Forget hybrids, electric vehicles or hydrogen cars. Scientists at the University of California, Los Angeles, want your poo to fuel the cars of the future. The United States produces a mountain of manure (human and otherwise) every year: more than 1 billion tonnes. All that waste matter is being wasted in turn, according to UCLA graduate student David Wernick, pumping greenhouse gases into the atmosphere to boot. That's why he and his colleagues are trying to use it to produce new kinds of biofuels. "We're working with anything, such as agricultural waste like manure, municipal waste like sewage, plant matter, cellulosic matter, and even carbon dioxide out of the atmosphere," Wernick said in a new video about his research.
When it comes to liquid fuels, the market is dominated by petrol, diesel and jet fuel — all hydrocarbon compounds derived from crude oil. There's very good reason for that. Such fuels are cheap, abundant (for now), and highly energy-dense. In general, the greater the energy density of your fuel, the better, since it means you can store or transport a lot more energy in the same volume. They also have a comparatively high energy conversion efficiency rate.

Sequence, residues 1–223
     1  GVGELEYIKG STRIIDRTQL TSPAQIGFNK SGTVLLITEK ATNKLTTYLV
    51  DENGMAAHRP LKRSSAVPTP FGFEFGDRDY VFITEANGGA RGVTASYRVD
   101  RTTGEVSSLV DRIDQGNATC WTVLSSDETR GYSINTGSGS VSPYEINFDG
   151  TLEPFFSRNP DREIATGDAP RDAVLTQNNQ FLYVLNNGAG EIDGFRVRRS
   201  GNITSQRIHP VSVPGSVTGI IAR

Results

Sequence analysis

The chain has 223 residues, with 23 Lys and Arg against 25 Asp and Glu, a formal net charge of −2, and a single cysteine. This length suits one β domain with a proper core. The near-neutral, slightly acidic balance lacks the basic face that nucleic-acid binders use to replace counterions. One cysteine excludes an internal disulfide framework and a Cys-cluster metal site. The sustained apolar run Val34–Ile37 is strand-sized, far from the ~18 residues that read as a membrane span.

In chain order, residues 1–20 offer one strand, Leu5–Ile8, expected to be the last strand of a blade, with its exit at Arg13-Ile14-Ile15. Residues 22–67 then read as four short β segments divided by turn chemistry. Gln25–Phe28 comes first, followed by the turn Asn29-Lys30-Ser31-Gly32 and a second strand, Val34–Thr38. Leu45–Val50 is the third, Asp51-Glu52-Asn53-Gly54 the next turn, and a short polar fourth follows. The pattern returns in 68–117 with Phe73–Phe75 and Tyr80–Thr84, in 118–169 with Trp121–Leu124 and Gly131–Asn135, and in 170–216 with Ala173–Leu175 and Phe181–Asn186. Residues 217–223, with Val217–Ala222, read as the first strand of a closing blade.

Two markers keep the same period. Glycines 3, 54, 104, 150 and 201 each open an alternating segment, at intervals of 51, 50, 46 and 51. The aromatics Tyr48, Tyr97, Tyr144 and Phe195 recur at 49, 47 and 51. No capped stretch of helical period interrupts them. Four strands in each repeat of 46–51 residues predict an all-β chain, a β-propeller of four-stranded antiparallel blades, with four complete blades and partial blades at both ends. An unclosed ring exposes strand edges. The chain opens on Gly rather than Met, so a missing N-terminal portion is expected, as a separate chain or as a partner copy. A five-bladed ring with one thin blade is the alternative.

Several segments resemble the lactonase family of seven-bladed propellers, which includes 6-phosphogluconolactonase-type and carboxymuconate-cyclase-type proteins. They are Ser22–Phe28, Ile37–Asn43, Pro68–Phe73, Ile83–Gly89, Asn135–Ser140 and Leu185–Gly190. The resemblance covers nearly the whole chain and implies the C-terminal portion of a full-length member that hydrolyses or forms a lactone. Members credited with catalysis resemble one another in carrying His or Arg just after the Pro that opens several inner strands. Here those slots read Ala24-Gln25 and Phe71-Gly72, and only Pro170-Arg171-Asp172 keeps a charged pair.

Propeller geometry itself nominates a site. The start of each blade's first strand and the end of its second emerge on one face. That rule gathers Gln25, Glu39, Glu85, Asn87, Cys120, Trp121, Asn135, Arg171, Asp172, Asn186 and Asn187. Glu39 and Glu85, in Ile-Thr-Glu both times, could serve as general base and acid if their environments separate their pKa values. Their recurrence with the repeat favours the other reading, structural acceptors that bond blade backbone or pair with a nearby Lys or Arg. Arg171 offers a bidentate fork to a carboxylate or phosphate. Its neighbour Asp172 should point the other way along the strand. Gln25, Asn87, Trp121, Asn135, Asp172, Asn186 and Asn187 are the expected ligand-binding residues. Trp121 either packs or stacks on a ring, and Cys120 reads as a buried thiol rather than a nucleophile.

To date, biofuels like the corn-derived ethanol just haven't been able to compete with liquid fossil fuels. Ethanol also corrodes metal pipes, and isn't compatible with the existing infrastructure. You need special modifications to run your car on ethanol or similar biofuels.
Wernick and his UCLA cohorts think they can take biofuels to the next level by engineering bacteria (Bacillus subtilis) to be more efficient at breaking down the proteins in human excrement, as well as other protein-rich waste such as wastewater algae and all the byproducts from fermenting wine, ethanol and beer.
"The vast majority of organisms out there don't consume protein to convert it into a product," Wernick explained. "They find protein in the environment and then use that to grow." His re-engineered bacteria will use some of the protein to produce poo-based biofuels instead — with no need for rejiggering automotive technology: "You can drop it right into your car."
All hail the power of poo.
University of California, Los Angeles